Gort, one of the County Galway towns most ravaged by recession, is fighting back and has positioned itself to reap the rewards of recovery.
The capital of the Burren Lowlands region, which includes South Galway and North Clare, a few years ago, was an employment black spot about to be by-passed by motorway and facing a seemingly bleak future. It was flooded, too.
But, as a result of the work of the Buren Lowlands organisation, Gort, and its hinterland, has emerged strong from the bust years and is facing the future with renewed optimism.
This was the consensus that emerged at the public meeting in the Lady Gregory Hotel in Gort last week organised by the Burren Lowlands, which aims to promote the region as an attractive place to live, work and visit.
The volunteer, community-led committee has a multi-pronged plan to revitalise the area including: a new initiative to boost tourism numbers; a programme of investment to revitalise Gort town; and a plan to lure industry to the area.
NUIG economist and former head of Teagasc Rural Economy and Development Programme, Cathal O’Donoghue, a member of Burren Lowlands committee, said some years ago, the prospects for Gort were bleak.
“There were 400 jobs lost, which was a sixth of the total working population of the town over a period of five years. The mood in the area was challenged. There was worry and concern about the future. It was all doom and gloom,” he recalled.
The fruits of the recovery have been felt mostly in Dublin, he said, and while Galway City has benefited, Galway County and the West of Ireland generally has been “sluggish”.
Dr O’Donoghue said, however, that the “strong community” in the region has contributed to such an extent that Gort has “turned a significant corner”.
“Five years on and Gort has now more population than ever before and the unemployment rate is declining at a relatively quick rate,” he said.
Dr O’Donoghue, the recently appointed Dean of Arts at NUIG, said its location was ideal to attract industry due to the international connectivity offered by its closeness to Shannon Airport, and due to the abundance of highly-skilled and qualified workers in Galway, which was second only to South Dublin for the numbers of people educated to third level.
Monday’s meeting heard how Gort is poised to capitalise on the increase in tourists to the region due to its inclusion later this year in a new Burren Lowland Drive, an offshoot of the Wild Atlantic Way (WAW).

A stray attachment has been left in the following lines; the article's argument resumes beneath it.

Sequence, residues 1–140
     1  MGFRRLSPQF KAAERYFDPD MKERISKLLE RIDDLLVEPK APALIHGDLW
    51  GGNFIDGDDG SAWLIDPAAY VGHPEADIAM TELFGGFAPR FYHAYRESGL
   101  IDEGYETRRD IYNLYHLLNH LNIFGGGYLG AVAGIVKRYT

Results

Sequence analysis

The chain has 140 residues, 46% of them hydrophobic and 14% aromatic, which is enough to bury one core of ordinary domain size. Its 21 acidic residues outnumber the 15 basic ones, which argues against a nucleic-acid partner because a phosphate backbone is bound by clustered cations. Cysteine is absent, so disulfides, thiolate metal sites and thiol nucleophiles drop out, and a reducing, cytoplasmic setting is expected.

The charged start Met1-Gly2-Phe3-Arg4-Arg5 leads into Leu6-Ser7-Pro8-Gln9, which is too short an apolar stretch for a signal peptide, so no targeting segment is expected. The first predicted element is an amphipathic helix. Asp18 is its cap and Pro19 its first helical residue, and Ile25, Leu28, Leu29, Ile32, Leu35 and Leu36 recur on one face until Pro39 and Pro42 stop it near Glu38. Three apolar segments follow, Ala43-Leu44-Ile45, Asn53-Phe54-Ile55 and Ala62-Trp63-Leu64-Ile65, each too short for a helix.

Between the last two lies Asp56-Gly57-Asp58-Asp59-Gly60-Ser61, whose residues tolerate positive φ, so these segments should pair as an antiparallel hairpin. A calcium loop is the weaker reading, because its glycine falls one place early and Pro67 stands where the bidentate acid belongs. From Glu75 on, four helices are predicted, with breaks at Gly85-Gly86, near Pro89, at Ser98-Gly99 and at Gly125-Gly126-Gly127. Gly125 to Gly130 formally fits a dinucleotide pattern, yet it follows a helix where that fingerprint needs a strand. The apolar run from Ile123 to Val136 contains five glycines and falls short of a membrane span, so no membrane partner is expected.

Fiona O’Driscoll said the Fáilte Ireland initiative to attract more overseas visitors inland, is a scenic, culture and heritage route that will take in Gort, Coole Park, Ardrahan and link back into the WAW at Kinvara.
This will benefit the entire Burren Lowlands, which includes areas such as Kilcolgan, Kinvara, Ballinderreen, Kilchreest, Labane, Beagh, Peterswell and North Clare’s Crusheen and Tubber.
Ms O’Driscoll said the area had suffered a triple-whammy of flooding, bypass and recession but Gort was resilient and she encouraged people to continue talking-up the area.
“If you are a tourist in Tralee, and you ask someone on the street where to visit they will send you to Killarney. If you are in Killarney and you ask someone where to go, they will say stay in Killarney. We need to be more like Killarney – stay in Burren Lowlands!”
Joe Byrne, Fine Gael County Councillor and Burren Lowlands committee member, outlined the group’s plans for a financial investment in Gort. As part of a Government initiative announced last September, the group has been given a grant of €59,000, which will be spent on a number of enhancement projects in the coming months to increase the attractiveness of the town.
Some €25,000 is for a landscaping programme at Galway Road, Corofin Road, Church Street, The Square and approach to it. In conjunction with the Brothers of Charity, some €15,000 will be spent on making the town more wheelchair accessible.
Money has also been allotted to the creation of a heritage trail booklet for Gort, a tree-planting initiative in the town’s housing estates, graffiti removal and remedial work on Ennis Road playground.
Cllr Byrne said the enhancement plan was to “help to contribute to the revitalisation of Gort”.
Fianna Fáil County Councillor, Gerry Finnerty highlighted the interconnectedness of the town and its farming hinterlands.
“Without the rural community, the town will not survive; without the town, the rural community will not survive,” he said
The diversity of people living in the region, and the importance of people from other countries – particularly Brazil – to the area, was emphasised by Annie Rosario of Gort Resource Centre, and Obert Makaza of Gort Justice for Undocumented Group.
Mr Makaza outlined the group’s campaign for a regularisation scheme for the thousands of undocumented in Ireland, including some 400-500 in Gort.
Teresa Butler, chairperson of the group, in her introduction outlined how Burren Lowlands was “liaising with the IDA” and they hope to look at ways of attracting enterprise to the area. She said the area has been designated as a REDZ, a Rural Economic Development Zone, by Government, which qualifies it to apply for funding and supports.
Ger Ryan gave a presentation about Kinvara Enterprise Centre.
It has teamed-up with Michael Smyth, CEO of SCCUL in Galway City with the aim of using the template of the successful community enterprise centre in Ballybane and replicating it in Kinvara. There is a plan to map the business in the area and create a business network for training, mentoring, networking and business development opportunities.